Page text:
The role of Trw evolved to replace the flagella, since the expression of Trw and flagella is mutually exclusive among the Bartonella species (Dehio, 2008; Harms and Dehio, 2012). The multiple flagella which let B.bacilliformis with highly motile could be important for the high rate of erythrocyte infection in Oroya fever (Scherer et al., 1993; Dehio, 2001). It has been reported that B. bacilliformis flagellin site-directed mutants bind poorly to erythrocytes, and this phenomenon can be partially rescued by trans-complementation with nature flagellin (Battisti and Minnick, 1999; Sander et al., 2000). The flagellin subunit antibodies could partially inhibit the adhesion between B. bacilliformis and erythrocytes (Scherer et al., 1993; Sander et al., 2000). Early work indicated that B. bacilliformis could interact with many human erythrocyte membrane proteins, including glycophorins A and B (Buckles and McGinnis Hill, 2000). Those observations correspond with the former views that the flagella of Bartonella may serve as an adhesin, although it remains unknown whether flagella can directly bind to host erythrocytes (Walker and Winkler, 1981; Benson et al., 1986).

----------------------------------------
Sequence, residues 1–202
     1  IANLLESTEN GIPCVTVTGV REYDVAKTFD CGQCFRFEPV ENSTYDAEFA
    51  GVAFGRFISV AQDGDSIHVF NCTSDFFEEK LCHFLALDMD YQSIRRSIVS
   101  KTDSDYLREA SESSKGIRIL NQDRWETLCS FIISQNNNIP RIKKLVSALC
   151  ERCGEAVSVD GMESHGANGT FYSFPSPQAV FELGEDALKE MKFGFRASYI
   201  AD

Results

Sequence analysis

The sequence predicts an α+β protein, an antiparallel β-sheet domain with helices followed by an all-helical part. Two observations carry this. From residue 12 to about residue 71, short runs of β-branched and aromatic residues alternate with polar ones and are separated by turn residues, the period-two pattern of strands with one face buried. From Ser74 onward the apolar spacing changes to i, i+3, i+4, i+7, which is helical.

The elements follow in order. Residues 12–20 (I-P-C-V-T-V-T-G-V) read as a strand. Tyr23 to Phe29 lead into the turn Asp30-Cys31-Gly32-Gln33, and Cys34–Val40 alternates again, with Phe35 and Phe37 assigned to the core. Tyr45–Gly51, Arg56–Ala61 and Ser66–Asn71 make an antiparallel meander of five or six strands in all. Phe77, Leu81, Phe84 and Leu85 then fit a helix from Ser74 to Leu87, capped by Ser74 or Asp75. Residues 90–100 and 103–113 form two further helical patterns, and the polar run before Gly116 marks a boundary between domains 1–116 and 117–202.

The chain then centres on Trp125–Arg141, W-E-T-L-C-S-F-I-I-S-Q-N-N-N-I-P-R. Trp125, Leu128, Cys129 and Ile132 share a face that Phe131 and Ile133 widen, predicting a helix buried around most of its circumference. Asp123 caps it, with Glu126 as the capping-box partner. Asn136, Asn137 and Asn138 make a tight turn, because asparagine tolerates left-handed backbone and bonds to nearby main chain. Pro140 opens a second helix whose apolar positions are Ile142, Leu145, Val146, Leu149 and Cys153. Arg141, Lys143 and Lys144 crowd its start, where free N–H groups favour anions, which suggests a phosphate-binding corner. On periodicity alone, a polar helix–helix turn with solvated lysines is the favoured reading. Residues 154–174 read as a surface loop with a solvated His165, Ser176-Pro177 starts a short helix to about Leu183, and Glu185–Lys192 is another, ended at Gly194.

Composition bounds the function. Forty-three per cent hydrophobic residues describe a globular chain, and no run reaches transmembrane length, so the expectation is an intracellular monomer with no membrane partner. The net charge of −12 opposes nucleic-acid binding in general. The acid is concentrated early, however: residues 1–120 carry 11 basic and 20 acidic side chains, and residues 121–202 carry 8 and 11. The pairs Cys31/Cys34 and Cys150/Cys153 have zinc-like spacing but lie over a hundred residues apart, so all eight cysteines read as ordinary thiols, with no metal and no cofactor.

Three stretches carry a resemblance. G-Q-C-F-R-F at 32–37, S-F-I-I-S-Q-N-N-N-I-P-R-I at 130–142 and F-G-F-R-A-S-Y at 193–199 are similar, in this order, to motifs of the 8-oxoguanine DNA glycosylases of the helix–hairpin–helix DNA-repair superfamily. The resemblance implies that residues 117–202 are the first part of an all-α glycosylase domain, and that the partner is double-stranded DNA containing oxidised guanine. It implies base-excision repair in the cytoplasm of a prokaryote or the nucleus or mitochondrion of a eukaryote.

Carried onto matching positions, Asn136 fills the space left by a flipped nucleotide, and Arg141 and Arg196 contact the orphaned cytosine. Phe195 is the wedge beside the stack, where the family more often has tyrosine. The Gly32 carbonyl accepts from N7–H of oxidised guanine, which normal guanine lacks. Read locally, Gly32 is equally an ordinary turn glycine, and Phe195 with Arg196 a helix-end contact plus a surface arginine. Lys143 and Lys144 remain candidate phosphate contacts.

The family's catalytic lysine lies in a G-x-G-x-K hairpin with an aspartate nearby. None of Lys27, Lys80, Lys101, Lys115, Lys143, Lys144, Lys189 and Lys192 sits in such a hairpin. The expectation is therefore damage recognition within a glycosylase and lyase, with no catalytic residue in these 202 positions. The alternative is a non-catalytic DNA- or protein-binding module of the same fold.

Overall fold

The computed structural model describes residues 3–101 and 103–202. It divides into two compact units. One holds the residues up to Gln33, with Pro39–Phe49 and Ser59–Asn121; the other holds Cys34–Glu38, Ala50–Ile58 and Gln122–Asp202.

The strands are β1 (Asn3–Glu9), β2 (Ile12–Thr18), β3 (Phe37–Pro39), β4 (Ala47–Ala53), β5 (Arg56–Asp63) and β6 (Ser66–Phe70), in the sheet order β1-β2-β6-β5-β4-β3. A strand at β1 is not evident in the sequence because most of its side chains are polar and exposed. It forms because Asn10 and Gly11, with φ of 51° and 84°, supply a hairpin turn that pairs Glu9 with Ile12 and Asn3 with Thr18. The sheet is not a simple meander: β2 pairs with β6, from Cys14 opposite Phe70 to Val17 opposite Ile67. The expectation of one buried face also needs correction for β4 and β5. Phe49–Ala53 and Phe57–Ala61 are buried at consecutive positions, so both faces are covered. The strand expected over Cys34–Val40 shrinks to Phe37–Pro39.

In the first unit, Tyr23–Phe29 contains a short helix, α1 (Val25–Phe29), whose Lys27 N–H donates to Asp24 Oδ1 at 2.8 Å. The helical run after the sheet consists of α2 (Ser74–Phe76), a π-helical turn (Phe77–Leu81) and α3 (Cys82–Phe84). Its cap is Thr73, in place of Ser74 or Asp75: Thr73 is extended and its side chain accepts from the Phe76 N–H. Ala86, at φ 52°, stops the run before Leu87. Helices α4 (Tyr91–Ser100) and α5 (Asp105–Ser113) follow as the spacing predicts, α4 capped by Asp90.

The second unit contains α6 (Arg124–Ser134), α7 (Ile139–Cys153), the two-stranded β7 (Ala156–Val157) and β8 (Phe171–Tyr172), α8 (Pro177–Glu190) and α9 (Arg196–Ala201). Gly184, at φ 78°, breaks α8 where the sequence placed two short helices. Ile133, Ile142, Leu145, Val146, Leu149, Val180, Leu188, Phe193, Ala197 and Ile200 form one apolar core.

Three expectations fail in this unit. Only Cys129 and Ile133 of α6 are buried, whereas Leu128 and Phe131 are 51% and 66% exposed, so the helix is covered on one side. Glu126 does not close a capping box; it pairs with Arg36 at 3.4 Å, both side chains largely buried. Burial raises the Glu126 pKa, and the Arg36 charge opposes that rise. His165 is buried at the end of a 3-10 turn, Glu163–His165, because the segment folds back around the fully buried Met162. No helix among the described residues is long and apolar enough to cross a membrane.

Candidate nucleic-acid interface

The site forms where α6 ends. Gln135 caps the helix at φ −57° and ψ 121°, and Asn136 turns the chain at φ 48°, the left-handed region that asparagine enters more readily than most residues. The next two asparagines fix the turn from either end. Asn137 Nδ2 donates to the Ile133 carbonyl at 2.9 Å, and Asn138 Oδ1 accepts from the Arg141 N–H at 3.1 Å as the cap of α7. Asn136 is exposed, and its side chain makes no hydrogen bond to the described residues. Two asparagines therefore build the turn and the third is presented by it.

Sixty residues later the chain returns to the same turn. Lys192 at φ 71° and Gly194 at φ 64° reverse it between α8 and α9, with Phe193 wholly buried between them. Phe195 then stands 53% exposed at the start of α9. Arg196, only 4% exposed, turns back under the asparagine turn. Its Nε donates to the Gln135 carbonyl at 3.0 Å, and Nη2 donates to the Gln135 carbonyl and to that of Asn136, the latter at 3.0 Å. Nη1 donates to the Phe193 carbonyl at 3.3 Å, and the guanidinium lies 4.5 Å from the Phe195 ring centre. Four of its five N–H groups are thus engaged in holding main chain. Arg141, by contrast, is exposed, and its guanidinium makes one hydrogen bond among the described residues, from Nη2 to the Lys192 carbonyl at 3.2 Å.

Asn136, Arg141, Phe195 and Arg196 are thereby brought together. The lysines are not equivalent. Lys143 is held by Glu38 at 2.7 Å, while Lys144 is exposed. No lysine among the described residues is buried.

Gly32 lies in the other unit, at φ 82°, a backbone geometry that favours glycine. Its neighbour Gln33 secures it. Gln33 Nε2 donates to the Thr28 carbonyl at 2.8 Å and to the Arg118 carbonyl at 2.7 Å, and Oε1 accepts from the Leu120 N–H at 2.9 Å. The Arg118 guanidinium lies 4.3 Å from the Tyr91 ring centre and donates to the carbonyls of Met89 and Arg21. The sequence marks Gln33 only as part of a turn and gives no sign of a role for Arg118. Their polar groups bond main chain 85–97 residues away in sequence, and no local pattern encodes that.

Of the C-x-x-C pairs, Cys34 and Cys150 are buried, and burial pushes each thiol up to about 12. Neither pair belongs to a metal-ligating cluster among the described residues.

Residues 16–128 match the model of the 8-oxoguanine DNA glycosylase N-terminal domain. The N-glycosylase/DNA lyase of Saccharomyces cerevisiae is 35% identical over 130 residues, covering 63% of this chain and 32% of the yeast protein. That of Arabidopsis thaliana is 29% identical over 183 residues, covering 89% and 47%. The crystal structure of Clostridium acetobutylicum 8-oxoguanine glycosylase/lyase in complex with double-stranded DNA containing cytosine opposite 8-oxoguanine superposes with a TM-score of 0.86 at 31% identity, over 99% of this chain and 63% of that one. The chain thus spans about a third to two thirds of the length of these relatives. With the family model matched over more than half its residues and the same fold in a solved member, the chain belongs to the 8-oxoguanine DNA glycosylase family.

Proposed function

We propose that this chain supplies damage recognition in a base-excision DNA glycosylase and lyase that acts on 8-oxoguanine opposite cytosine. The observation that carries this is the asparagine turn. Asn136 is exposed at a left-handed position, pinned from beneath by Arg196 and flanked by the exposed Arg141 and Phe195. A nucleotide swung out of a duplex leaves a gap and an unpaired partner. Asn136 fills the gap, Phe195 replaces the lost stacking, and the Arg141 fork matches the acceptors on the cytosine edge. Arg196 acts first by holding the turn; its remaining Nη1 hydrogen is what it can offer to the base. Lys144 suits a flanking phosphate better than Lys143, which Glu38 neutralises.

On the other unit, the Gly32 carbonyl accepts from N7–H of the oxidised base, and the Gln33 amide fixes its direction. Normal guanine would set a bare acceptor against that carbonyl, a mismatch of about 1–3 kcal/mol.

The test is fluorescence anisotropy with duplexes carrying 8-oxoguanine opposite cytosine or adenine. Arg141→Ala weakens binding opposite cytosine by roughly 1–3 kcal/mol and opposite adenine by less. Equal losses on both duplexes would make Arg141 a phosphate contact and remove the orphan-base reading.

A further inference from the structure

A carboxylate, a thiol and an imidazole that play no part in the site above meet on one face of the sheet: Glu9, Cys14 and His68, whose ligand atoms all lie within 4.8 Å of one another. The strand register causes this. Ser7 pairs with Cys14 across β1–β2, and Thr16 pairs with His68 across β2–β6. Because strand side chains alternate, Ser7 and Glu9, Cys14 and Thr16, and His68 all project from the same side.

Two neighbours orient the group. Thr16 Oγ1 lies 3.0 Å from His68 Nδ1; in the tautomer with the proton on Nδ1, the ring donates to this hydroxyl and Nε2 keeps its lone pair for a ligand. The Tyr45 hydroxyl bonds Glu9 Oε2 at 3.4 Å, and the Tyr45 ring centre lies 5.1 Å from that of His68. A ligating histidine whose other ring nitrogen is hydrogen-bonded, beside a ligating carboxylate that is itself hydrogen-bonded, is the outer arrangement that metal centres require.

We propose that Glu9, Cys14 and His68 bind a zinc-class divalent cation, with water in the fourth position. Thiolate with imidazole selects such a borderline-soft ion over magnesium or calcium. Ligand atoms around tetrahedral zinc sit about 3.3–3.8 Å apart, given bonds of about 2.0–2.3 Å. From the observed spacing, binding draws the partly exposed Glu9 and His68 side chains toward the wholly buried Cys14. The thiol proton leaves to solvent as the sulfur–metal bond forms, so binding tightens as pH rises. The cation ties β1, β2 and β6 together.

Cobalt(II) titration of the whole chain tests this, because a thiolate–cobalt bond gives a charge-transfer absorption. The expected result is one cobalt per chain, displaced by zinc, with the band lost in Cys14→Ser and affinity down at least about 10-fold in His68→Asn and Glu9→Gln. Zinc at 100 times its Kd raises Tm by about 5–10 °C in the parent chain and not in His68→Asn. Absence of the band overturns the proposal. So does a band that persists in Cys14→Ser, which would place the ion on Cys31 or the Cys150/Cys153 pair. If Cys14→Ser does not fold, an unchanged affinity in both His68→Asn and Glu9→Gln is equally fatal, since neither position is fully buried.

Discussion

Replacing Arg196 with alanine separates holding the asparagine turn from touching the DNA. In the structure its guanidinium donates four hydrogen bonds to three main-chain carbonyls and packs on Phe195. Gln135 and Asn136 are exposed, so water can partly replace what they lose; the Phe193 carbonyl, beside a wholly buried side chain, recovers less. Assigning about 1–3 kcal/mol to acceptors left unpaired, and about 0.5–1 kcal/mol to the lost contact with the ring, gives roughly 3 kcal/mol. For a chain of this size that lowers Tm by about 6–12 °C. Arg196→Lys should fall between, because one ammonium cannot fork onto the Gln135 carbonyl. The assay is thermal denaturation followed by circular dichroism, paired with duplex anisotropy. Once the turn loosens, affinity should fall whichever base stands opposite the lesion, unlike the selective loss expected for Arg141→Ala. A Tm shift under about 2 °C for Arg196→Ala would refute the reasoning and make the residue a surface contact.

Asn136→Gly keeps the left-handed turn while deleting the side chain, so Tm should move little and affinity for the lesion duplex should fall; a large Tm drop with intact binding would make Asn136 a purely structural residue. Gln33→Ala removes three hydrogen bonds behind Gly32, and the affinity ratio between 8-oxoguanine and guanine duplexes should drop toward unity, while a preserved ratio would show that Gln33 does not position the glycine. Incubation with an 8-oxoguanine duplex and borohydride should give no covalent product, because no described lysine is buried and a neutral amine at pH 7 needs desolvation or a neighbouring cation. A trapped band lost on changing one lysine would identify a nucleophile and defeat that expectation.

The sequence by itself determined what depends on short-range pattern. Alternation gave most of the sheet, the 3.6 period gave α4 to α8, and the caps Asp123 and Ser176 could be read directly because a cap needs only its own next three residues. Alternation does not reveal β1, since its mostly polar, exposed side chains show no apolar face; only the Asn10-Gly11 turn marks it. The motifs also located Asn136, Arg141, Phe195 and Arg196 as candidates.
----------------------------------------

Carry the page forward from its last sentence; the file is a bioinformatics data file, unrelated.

Step 3: Erythrocyte Invasion

After erythrocyte adhesion, Bartonella invaded mature erythrocytes within 2 days, which has been demonstrated in the B. tribocorum-rat infection model (Seubert et al., 2002). The unusual structure and physiology of erythrocytes could allow Bartonella to escape antigen presentation and immune surveillance. We have little knowledge about how Bartonella enter host erythrocytes, but some factors have been shown to be essential for this step.

The First Factor Is IalB

As described above, IalA/B was identified by STM screens in the B.birtlesii-mouse and B. tribocorum-rat models in vivo and by an in vitro model for erythrocyte adhesion and invasion.